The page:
Changes to the rules governing World Curling Federation sanctioned wheelchair curling events will be discussed during meetings at the Men's Worlds in Grand Forks ND this week.
The rule that a stone must be touching the centre line at delivery, is likely to be eased to bring the wheelchair game more in line with the angles available to players who use the hack. The counter-argument, as made to me by Norway coach Thoralf Hognestad during the 2008 Worlds, is that wheelchair users unhappy with the present rule should simply move back to the hack to compensate.
The WCF intends its rules to encourage participation by people with as wide a range as possible of disabilities requiring wheelchairs for daily mobility. While remaining sceptical about the utility of a disability points classification system, there's a desire to avoid wheelchair curling becoming the sole province of the heavily muscled. This is why they will prefer to move the rock off the centre line, rather than back from the hogline. It is also why skips are unlikely to be allowed to use brushing in the rings.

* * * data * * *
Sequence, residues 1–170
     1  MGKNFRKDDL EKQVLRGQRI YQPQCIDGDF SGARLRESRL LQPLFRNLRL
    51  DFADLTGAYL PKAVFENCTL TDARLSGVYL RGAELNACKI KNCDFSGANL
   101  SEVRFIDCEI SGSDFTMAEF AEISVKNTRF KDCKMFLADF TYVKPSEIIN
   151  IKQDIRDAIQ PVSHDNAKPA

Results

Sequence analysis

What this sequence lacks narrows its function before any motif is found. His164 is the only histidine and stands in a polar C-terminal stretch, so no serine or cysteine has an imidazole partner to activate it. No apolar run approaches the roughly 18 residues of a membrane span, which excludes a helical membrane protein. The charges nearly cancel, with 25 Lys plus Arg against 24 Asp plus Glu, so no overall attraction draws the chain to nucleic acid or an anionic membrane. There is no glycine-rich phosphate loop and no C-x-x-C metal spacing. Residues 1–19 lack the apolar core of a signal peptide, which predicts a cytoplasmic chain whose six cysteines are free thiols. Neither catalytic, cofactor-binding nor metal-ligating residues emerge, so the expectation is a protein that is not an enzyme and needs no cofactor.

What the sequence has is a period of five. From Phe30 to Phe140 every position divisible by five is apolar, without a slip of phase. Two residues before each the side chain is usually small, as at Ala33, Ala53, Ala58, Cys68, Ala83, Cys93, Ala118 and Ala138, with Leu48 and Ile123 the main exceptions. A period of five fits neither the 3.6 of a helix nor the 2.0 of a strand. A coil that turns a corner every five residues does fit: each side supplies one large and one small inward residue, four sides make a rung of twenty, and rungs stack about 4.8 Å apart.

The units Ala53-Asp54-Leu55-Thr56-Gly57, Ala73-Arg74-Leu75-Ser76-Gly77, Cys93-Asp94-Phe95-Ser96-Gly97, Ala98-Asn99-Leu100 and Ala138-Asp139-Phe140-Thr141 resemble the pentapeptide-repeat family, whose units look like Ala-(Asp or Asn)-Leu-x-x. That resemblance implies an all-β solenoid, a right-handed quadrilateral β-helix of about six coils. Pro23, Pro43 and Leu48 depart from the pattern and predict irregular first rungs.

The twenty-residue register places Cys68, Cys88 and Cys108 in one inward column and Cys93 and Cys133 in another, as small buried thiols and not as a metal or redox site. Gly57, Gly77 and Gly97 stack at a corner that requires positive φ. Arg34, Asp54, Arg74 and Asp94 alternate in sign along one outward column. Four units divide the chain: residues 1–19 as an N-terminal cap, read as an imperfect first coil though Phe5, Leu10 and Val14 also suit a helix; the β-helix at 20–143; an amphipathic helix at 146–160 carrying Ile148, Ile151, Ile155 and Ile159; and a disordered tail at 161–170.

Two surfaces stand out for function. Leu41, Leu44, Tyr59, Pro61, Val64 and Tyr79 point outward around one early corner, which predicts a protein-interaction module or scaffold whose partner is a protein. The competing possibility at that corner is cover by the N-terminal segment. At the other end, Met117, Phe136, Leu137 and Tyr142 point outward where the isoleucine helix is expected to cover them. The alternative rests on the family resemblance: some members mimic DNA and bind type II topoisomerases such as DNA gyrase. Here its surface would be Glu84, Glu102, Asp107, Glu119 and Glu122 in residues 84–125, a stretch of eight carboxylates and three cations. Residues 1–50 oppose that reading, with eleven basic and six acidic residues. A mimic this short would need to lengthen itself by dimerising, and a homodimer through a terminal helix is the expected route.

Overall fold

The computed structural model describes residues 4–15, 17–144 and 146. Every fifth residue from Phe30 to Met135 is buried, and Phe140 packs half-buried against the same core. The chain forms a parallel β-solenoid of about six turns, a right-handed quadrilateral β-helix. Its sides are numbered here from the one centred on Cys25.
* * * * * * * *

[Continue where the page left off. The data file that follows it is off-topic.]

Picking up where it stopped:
There are good arguments for Canada to be flexible in implementing WCF rules in its domestic program, especially as Team Canada exists independent of national competition. The mixed gender team rule, for example, while ensuring participation of women in countries with minimal overall participation, is probably unnecessarily restrictive in Canada where the potential for hundreds of teams certainly exists. It would be a shame to see Canadian development inhibited by an insistence that 25% of participants be female, when eligible males far outnumber eligible females.
Any WCF rule changes will not be implemented until after the 2010 Paralympics.